The resistance of an object is a measure of the how much current is to flow through that object for a given potential difference across it. It is given the symbol R and has the unit Ω ,which is a Greek letter omega and provided across it. The bigger the potential difference across its ends the bigger the current flow. The equation below is used to work out the resistance of a component from measurements of the current flowing through it and the potential difference across its ends.
Can you sketch a circuit diagram of a suitable circuit you could use to find out such information ?
You should be able to!
V = I R
Where V = potential difference in volts (V)
I = current in amps (A) and
R = resistance in ohms (Ω)
Current is the rate of flow of charge. As soon as a potential difference is applied the electrons generally drift in one direction. The bigger the potential difference the faster their average speed and the more charge will move past a point in a second - bigger current ! Increasing the number of electrons experiencing the slope will mean more flow past a point in a second and so more charge passes a point in a second and more current flows.
There are four factors that affect the resistance of a wire:
♥ Resistance is proportional to length. If you take wires of different lengths and give each a particular potential difference across its ends. The longer the wire the less volts each cm. of it will get. This means that the 'electric slope' that makes the electrons move gets less steep as the wire gets longer, and the average drift velocity of electrons decreases. The correct term for this 'electric slope' is the potential gradient. A smaller potential gradient means current decreases with increased length and resistance increases.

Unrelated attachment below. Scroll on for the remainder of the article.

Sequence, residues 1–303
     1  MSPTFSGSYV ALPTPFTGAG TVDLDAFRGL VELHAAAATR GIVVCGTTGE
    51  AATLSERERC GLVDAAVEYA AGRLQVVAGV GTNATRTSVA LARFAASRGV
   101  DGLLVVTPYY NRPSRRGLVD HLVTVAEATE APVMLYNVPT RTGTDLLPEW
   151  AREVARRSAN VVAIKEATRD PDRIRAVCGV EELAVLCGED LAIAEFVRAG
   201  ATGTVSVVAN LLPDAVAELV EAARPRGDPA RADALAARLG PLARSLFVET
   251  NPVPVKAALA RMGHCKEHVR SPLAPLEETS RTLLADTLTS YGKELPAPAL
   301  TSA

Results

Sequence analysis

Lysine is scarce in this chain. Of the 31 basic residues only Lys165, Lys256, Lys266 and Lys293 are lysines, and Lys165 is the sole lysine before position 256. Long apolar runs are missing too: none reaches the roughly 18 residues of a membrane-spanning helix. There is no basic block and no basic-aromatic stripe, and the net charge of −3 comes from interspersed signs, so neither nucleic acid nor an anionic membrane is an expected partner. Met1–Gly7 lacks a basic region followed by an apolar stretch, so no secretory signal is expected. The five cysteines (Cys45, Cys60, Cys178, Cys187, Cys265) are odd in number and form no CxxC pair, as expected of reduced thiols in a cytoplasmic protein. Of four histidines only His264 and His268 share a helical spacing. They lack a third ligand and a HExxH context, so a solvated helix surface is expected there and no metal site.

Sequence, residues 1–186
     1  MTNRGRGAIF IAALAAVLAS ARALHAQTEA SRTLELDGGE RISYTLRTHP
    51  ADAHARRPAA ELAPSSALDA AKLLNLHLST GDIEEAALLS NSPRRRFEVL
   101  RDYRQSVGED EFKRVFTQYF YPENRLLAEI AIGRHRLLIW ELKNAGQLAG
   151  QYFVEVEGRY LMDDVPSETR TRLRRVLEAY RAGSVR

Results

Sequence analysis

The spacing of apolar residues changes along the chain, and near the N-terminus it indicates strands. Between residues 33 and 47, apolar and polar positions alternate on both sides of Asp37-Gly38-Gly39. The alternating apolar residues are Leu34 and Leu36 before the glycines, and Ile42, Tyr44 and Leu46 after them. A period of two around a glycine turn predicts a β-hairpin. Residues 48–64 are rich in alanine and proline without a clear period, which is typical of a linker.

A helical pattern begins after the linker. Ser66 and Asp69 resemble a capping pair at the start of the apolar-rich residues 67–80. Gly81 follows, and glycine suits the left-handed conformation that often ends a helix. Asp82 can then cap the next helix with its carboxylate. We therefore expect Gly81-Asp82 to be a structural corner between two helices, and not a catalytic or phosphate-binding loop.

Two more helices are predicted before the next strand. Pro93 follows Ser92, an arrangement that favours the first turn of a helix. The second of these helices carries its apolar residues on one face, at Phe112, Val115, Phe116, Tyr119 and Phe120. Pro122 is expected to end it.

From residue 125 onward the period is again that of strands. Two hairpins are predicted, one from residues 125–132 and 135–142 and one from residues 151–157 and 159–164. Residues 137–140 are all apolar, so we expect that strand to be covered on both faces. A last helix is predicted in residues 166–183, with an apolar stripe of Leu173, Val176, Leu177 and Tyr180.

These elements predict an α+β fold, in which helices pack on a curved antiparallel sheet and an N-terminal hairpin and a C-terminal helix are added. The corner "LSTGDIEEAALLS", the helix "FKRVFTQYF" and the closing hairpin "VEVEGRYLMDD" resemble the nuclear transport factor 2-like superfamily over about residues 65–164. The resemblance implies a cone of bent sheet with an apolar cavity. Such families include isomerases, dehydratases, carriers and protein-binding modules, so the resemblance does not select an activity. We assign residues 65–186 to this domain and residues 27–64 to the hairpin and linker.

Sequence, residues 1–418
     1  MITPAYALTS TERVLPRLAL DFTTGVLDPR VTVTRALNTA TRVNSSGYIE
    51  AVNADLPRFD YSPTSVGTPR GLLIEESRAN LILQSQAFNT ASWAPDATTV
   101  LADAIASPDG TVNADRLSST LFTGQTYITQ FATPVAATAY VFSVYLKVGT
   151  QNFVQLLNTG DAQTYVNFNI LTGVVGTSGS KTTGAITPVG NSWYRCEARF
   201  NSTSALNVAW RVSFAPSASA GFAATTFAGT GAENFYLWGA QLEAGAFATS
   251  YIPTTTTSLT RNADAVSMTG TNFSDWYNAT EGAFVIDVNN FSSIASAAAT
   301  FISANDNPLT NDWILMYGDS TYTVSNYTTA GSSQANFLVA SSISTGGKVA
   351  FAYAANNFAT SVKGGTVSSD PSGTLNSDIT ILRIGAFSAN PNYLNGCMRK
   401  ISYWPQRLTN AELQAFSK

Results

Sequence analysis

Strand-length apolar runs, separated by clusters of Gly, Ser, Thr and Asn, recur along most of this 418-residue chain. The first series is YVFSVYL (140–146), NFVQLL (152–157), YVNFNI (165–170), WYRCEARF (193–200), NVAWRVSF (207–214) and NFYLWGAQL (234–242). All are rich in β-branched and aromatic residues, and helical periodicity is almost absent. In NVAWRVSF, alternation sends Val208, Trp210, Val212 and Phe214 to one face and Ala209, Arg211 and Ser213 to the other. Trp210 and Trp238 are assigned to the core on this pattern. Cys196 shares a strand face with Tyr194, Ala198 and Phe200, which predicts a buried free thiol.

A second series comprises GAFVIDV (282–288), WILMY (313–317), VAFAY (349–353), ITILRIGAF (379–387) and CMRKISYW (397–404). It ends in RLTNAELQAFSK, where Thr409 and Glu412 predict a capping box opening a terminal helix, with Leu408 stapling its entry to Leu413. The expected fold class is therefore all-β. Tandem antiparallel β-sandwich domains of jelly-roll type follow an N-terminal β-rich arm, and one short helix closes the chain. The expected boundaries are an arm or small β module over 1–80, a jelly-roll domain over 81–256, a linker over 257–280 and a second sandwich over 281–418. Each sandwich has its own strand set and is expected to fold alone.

♥ Resistance is inversely proportional to cross-sectional-area. The bigger the cross sectional area of the wire the greater the number of electrons that experience the 'electric slope' from the potential difference. This does not give rise to a straight line graph as cross sectional area is inversely proportional to resistance not directly proportional to it.
♥ Resistance depends on the material the wire is made of. The more tightly an atom holds on to its outermost electrons the harder it will be to make a current flow. If a shell is almost full, the atom is reluctant to let its electrons wander and the material is an insulator. If the outermost shell is less than half full then the atom is willing to let those electrons wander and the material is a conductor.
♥ Resistance increases with the temperature of the metallic wire. When a material gets hotter the atoms present in the material vibrates more. This makes it difficult for the electrons to move without interaction with an atom and increases resistance. The relationship between resistance and temperature is not a simple one.
R = Ro(1 + α.T)
α is the thermal resistance coefficient.
In Brief: For same material resistance decreases as the thickness of the wire increases, resistance increases as the length of the wire increases and resistance changes with temperature also